Maryland experiences everything from hurricanes to tornadoes and thunderstorms to flooding. Your home takes the brunt of these weather extremes, so it’s vital to keep up with home maintenance to avoid large repair bills or even catastrophic failures.
Regular ongoing home maintenance can further pay off when you’re selling your home. That’s when it gets a detailed inspection requested by the buyer conducted by a professional home inspector.
In this article, we’ve gathered a listing of top issues you can expect from a home inspection. This is an excellent method for guiding your home maintenance efforts.
Top 15 Home Inspection Issues
The purpose of a home inspection is to verify that the buyer is not purchasing a home with a ton of headaches along with bank account-draining repair bills. While not everything identified by an inspection will need to be repaired, it will form the basis of buyer-seller negotiations on pricing concessions and/or repairs and replacements.
A survey of home buyers conducted by Porch identified these common issues found by home inspectors.
- 1. Roof. Asphalt shingles have a 15 to 40-year lifetime. Wind, hail, and rain causes wear and tear, often requiring early replacement. It’s best to keep up with maintenance by replacing loose or missing shingles and monitoring other areas. Damaged attic vents and rubber boots around pipes may also require replacement. Also, watch for a sagging roofline due to structural damage as well as rotting eaves.
- 2. Electrical. Older home wiring systems may not be up to current codes. This inspection element identifies whether the breaker box and wiring are compliant. It will also point out missing ground fault circuit interrupter (GFCI) outlets as well as wiring at over capacity due to increased demands from computers, television screens, and appliances. Loose wires and potential sparks can be a fire hazard. Faulty outlets can also be a shock hazard.
- 3. Windows. This looks for cracked or broken window panes, dried out or missing caulking around windows, as well as windows that won’t open or stay open. It will also look for condensation issues, along with cracked, warped, and rotted wood.
- 4. Gutters. Gutters are vital for channeling the rainwater off your roof and routing it safely away from your foundation. Inspectors look for damaged or clogged gutters as well as the correct size and slope.
- 5. Plumbing. Plumbing problems are usually due to dripping faucets, clogged drains, or leaky pipes under sinks or in the basement or crawl space.
- 6. Tree branches overhanging the roof. This can be dangerous during high winds that can bring those branches down on your home causing considerable damage including the rain that it allows into your home. It may also be an indicator that other trees on the property have not been kept in trim.
- 7. Fencing. Damaged or rotting wooden fences can be an eyesore and need to be addressed. If you’re trying to keep your pets and children in the yard, it can also become critical to family safety.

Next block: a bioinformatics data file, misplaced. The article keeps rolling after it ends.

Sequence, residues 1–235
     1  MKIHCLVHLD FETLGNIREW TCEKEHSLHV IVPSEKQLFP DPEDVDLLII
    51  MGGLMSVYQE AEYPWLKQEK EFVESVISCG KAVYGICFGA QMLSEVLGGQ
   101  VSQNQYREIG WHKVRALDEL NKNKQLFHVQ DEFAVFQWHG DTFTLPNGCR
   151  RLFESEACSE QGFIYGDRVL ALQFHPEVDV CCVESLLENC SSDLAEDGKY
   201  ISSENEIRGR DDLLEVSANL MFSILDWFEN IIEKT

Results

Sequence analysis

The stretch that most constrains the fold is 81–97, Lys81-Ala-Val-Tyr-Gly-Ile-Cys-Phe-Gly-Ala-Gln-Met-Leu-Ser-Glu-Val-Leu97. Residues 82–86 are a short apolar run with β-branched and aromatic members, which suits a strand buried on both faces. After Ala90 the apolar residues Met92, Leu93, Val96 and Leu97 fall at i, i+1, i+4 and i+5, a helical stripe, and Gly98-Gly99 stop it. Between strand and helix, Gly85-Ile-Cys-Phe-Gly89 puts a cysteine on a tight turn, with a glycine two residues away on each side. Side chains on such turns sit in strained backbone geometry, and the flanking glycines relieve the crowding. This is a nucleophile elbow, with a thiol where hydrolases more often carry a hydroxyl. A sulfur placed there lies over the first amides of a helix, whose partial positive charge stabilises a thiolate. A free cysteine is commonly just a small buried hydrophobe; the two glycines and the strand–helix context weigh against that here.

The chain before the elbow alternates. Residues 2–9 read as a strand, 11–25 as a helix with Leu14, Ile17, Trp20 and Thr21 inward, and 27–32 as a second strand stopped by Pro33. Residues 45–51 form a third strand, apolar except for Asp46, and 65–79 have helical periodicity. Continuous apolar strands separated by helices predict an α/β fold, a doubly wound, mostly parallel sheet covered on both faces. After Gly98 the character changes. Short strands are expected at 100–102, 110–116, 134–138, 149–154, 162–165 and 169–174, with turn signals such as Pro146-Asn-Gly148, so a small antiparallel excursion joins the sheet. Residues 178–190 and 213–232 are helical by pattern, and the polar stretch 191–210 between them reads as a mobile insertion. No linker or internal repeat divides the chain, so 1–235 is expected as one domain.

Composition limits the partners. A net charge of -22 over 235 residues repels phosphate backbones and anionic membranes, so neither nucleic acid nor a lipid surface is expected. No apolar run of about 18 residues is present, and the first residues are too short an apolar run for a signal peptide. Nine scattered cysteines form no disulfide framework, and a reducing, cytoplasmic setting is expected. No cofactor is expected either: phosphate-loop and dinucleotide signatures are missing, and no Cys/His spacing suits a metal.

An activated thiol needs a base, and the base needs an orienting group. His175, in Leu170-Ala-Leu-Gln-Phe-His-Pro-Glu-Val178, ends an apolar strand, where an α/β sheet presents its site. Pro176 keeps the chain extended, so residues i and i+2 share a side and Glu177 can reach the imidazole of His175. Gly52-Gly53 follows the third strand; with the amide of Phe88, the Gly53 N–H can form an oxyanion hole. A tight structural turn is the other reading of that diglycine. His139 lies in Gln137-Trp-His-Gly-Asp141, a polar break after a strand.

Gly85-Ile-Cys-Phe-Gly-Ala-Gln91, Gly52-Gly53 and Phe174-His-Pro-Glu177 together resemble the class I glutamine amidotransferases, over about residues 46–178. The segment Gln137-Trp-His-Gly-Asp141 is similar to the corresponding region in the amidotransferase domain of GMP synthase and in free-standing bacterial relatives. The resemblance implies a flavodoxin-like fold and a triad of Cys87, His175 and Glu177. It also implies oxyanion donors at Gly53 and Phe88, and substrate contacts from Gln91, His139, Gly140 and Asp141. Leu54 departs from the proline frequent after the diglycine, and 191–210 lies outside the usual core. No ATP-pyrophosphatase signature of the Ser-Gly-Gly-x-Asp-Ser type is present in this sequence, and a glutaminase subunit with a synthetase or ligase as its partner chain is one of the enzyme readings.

- 8. Water heater. A water heater can be a source of water damage. Older homes may not have the required drainage system to protect from leaks or overflows. Rusting can also be a big issue for older heaters, requiring replacement.
- 9. Driveways, sidewalks, patios. Over time concrete surfaces can shift and crack leading to trip hazards and water pooling. We offer concrete lifting services to address this problem.
- 10. Air conditioning. In older homes, air conditioning system problems include inadequate cooling, poor ventilation, and noisy fans and compressors. Related furnace issues include filter replacement and cleaning, but also improper exhaust vents and malfunctioning controls. It may also be that the furnace or HVAC unit is at the end of its useful life, requiring replacement.
- 11. Exterior paint. You can tell this when you approach a home. It includes cracked and peeling paint, faded spots, dried out or missing caulking, and the resulting rotten wood. It’s best to repaint your home on a regular basis to avoid all these problems.
- 12. Foundation issues. Cracks in basement or crawl space walls can lead to leaks and flooding. It’s important to address these issues at once. Many older homes have crawl space issues that cause excess moisture and the resulting rotting and mold. It’s best to work with experts to add drains, insulation, and vapor and moisture barriers.
- 13. Downspouts. This was listed separately from the gutters above. Both rank high due to their impact on the home’s foundation. Water that doesn’t move off the roof and away from the foundation can leak into the basement or crawl space. This can cause cracking leading to structural issues and even resulting in flooding
- 14. Landscape grading. Working in tandem with gutters and downspouts, it’s essential that the home’s landscape grading moves any water away from the foundation. Water around the foundation can cause cracking along with leaking into the basement or crawl space. A survey conducted by the International Association of Certified Home Inspectors placed this issue at the top of their list with 36% identifying it as the top issue they found.
- 15. Moisture. A big percentage of the items listed above have to do with water damage or moisture buildup. It’s a perpetual battle to keep water out of your home and inside the plumbing and air conditioning systems.
This survey also found that 86% of home inspections found something that needed to be fixed. Your regular maintenance program will pay off.
We Can Help with Foundation Issues
As you review home repair challenges, we suggest consulting the professionals at JES Foundation Repair for a free inspection and repair estimate.